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PRIME Minister Narendra Modi has repeatedly exhorted the youth of India to be job creators and not just job seekers. That is the fundamental principle behind the Startup India programme.
As a global leader in information technology, India has one of the largest eco-systems for startups in the world. Ranked third in terms of size, India has over 4,750 technology startups, with about 1,400 new start-ups being founded in 2016. The number is expected to reach over 10,000 by 2020. India also has its own share of unicorns. Several Indian startups are valued at over US$ 1 billion. The market is expanding rapidly. E-commerce, for example, has grown from under US$20 billion to over US$30 billion in a single year. The push towards a cashless society and digital payments has generated a number of new startups.
Startups are seizing opportunities created by technology in transforming the Indian market-place and, at the same time, developing affordable solutions to address many human and social challenges as well as rural needs. India's large size and enormous pool of talent have made India an exciting place for startups in India and abroad.
Startups thrive on an autonomous, if not anarchic, system of markets, mentors, financiers and risk takers, plus a bit of luck. In India, the government is supplementing that effort with wide-ranging initiatives of its own, leading with Startup India.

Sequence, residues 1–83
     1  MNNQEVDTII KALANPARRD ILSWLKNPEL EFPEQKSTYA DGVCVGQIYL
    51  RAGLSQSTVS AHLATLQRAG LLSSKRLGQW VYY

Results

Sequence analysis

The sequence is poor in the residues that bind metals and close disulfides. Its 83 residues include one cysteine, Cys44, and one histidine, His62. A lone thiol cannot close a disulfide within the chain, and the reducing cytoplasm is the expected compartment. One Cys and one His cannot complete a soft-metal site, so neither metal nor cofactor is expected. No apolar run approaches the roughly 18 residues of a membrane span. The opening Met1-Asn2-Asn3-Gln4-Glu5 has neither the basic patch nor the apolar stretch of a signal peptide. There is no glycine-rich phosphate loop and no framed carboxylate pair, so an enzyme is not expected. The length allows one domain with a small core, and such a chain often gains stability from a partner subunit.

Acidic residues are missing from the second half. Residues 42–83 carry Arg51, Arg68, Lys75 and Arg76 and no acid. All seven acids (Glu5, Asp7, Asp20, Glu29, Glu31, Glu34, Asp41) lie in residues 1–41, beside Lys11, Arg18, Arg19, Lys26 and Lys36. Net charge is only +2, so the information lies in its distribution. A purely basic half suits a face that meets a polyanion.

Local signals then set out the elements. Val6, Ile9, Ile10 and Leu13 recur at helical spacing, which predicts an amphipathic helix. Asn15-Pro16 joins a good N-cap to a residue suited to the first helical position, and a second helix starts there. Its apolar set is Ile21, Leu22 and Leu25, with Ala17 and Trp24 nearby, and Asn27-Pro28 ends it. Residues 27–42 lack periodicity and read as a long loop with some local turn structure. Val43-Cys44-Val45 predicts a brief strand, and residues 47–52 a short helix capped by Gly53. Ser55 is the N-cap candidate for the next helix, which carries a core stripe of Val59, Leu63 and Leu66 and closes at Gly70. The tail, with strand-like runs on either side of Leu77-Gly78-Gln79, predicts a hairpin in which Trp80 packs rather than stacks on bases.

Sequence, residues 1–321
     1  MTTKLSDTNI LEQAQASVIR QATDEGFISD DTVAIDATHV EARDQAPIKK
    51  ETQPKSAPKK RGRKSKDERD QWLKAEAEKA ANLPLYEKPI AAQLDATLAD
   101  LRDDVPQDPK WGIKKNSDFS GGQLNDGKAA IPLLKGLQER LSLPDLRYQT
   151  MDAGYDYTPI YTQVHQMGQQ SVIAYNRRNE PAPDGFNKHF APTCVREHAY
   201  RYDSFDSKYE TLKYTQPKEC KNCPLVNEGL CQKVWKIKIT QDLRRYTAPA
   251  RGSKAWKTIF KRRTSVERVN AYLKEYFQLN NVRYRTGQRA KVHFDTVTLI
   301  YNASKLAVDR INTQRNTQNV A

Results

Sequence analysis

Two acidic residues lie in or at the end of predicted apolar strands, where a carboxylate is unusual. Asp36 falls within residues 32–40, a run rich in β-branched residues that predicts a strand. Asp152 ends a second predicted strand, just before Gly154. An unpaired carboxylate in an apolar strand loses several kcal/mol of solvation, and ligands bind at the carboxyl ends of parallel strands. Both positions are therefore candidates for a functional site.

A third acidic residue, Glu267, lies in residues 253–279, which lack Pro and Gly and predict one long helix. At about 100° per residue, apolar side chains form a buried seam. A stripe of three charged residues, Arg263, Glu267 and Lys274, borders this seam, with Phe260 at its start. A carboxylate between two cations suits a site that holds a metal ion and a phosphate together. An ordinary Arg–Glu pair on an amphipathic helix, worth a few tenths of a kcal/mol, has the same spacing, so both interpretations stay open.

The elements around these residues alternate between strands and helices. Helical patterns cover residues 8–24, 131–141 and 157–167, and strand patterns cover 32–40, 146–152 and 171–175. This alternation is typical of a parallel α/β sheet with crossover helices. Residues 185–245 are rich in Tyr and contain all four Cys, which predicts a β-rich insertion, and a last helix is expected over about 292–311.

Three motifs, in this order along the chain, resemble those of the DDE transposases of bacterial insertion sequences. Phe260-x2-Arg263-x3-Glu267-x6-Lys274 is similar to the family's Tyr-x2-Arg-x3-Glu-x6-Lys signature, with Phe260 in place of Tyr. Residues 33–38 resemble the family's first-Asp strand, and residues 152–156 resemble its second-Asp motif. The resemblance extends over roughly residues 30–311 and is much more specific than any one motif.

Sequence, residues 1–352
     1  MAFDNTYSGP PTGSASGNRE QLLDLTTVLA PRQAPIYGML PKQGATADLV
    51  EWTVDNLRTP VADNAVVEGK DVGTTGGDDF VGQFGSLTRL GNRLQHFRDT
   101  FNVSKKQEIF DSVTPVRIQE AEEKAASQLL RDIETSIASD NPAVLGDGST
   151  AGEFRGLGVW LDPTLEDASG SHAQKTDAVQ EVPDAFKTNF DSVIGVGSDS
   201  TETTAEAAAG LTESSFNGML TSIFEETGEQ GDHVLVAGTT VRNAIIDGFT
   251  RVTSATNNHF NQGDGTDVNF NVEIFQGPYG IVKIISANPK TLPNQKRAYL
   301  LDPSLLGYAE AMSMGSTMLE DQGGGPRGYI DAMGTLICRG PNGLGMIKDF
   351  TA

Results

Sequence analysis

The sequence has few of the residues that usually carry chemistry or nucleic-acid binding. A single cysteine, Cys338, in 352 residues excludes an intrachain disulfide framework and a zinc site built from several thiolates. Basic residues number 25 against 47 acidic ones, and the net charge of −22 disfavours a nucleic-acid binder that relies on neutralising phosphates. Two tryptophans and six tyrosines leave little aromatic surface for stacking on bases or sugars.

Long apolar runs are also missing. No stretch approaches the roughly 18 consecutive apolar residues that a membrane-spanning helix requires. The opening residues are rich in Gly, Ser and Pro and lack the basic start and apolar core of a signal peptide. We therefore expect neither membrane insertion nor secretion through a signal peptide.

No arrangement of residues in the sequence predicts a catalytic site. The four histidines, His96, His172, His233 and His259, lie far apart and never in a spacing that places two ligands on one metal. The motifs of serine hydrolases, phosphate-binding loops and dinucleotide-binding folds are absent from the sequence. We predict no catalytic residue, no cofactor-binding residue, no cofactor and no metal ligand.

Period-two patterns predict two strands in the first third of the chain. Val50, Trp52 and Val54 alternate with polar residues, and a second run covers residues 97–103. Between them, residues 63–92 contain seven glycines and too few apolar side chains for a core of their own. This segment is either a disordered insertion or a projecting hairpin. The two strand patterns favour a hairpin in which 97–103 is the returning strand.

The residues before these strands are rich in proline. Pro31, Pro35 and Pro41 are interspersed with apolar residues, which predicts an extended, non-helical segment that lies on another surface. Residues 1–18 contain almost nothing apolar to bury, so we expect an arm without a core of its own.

To speak of startups is to reflexively think of technology ventures in cyber space in large cities.
However, for Prime Minister Modi, the startup initiative is broader. It envisages new ventures across small towns and 600,000 Indian villages, which together would generate broad-based employment opportunities in the country. For this, there are a number of initiatives that support innovation and financing in a number of sectors, including agriculture, animal husbandry, social impact, health care, life sciences, micro enterprises, cottage and handicraft industry, food processing, clean energy and fintech. These include :
The startup sector, especially technology-driven enterprises, fintech and internet of things, could become new drivers of economic partnership between India and Singapore. India offers skills and talent and global platform in a supporting environment. Singapore, too, has a dynamic and innovative startup sector and financing opportunities, including major sources. We are building a startup bridge between India and Singapore to seamlessly connect our innovators, entrepreneurs and financers.